Beaujolais & Big Macs
April 3, 2003
Whether of Beaujolais or Big Macs, the boycotts on both sides of the Atlantic are illogical pursuits. These boycotts, populist and porous as they are, will do little overall damage to the world economy unless they become sanctioned and enforced by governments. If that were to happen, Smoot-Hawley protectionism would complete the final phase of this market cycle, sending the economy into further tatters. We are watching very closely these turns of the political compass, because the outlook for stocks is entirely tethered to global flows of capital and goods.
The reason why we feel sanguine about this issue is that the global economy makes protectionism less likely than ever before. A boycott’s venomous intent reflects a crude ignorance of one of the great realities: no product, not even the lemonade on the street corner, is really a one-country job anymore.
Let’s take Big Macs, the favorite boycott item of French chauvinists. The French Big Mac, as identical as it may be to its US sibling, is co-sold by in most cases a French franchisee who buys French potatoes and French meat, shipped by French truckers who buy their diesel from Total Fina Elf which buys its legal expertise from French lawyers who buy their psychoanalysis from French analysts. Boycotting a Big Mac hurts local French businesspeople much more than it hurts McDonald’s who will simply shut down its French franchises and move them to China if they become unprofitable. The point is that multinationals have the great freedom of movement, not the locals who depend on the multinational for their livelihood. The locals, of course, are less likely and less able to move to the Far East.
In parallel, the boycott of Beaujolais is hurting the American importer, the American logistics company who aids the American importer and the American accountant who counts the beans of the American logistics company. Beaujolais may be nearly as American as a cold Budweiser when you think of the supply chain.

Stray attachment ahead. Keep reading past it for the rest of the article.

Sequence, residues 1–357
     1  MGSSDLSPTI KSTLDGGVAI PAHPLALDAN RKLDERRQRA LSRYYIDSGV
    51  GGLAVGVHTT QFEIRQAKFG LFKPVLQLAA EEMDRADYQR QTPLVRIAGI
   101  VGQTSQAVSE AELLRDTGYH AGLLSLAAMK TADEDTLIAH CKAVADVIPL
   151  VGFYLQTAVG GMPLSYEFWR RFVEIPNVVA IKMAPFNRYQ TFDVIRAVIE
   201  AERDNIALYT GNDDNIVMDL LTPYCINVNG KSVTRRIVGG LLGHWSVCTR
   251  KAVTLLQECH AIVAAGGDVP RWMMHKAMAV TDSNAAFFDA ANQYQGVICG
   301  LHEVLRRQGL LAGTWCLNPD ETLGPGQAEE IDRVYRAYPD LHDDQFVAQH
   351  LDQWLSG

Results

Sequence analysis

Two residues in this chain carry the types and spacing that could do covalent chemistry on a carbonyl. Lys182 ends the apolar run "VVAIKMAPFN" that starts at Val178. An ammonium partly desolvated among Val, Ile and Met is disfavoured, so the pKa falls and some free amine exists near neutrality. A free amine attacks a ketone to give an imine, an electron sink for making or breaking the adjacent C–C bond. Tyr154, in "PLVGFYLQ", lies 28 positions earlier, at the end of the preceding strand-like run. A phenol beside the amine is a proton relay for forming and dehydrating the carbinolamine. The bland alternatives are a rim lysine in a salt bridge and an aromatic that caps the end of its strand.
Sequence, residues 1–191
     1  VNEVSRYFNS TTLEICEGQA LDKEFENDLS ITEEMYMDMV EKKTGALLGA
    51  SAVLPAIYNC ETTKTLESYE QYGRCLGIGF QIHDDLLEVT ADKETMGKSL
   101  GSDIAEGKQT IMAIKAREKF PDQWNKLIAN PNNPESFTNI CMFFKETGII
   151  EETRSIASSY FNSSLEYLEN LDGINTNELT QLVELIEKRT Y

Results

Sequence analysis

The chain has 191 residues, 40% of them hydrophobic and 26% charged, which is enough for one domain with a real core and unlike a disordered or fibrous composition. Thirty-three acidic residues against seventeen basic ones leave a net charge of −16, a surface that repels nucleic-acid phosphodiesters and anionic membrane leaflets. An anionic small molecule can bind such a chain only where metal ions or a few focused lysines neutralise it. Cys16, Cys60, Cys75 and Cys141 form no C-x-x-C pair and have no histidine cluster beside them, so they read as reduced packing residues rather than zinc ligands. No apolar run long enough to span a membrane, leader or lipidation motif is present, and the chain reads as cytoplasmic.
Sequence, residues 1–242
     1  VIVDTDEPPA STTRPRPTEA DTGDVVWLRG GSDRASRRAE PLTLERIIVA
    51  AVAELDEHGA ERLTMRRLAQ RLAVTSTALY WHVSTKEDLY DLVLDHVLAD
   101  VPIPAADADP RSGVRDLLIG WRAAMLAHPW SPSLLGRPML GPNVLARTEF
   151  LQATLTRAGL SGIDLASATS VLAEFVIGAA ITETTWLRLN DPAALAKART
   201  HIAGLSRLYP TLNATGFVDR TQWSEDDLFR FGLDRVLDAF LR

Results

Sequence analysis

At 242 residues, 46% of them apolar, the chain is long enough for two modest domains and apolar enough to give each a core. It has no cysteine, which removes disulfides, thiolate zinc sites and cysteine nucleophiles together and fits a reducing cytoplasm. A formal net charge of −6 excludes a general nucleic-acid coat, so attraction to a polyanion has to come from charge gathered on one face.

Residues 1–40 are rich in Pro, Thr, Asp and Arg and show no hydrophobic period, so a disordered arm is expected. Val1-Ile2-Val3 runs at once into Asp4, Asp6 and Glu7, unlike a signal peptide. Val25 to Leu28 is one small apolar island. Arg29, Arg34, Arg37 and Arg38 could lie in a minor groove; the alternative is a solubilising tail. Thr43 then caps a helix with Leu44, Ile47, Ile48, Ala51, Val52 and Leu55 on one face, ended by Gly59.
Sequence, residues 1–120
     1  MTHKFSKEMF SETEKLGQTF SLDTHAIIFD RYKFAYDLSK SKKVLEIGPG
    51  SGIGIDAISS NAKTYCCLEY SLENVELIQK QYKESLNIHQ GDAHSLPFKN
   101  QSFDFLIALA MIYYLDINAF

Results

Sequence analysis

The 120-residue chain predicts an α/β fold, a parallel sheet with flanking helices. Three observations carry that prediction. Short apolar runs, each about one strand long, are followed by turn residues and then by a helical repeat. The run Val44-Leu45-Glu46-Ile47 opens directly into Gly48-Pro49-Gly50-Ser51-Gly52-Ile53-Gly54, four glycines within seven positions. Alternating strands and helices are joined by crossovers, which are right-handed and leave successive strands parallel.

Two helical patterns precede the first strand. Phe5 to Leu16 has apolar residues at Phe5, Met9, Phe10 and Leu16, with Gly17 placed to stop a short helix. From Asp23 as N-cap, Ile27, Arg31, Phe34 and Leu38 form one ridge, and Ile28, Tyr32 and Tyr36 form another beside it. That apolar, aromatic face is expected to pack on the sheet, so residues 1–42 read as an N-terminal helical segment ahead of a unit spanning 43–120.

It makes people feel good in a petty sort of way when they pour the wine down the sewer or smash the glass window of that fast-food chain, but it would be nice if these boycotters learned a little more about the world first. In most countries for example, McDonald’s uses native franchisees, who know the culture and are local entrepreneurs. These local entrepreneurs are the only thing left holding up the pathetique French economy, yet these boycotters would see fit to put them out of business. Of course, the misguided French chauvinism would be much better served by embracing change, modernity and multicultural influences, the very things it fears and cannot understand. Someday, France will have to change, but until then, it will thrash around desperately.
Americans, less enfeebled by change—a decided staple of American society—are still stubbornly prone to shoot the Beaujolais first and ask questions later.
The truth is that the boycotters will not win, because they try to do the same thing that Communism tried to do: stifle the inevitable and all-powerful market forces that, in the end, make the world a better place.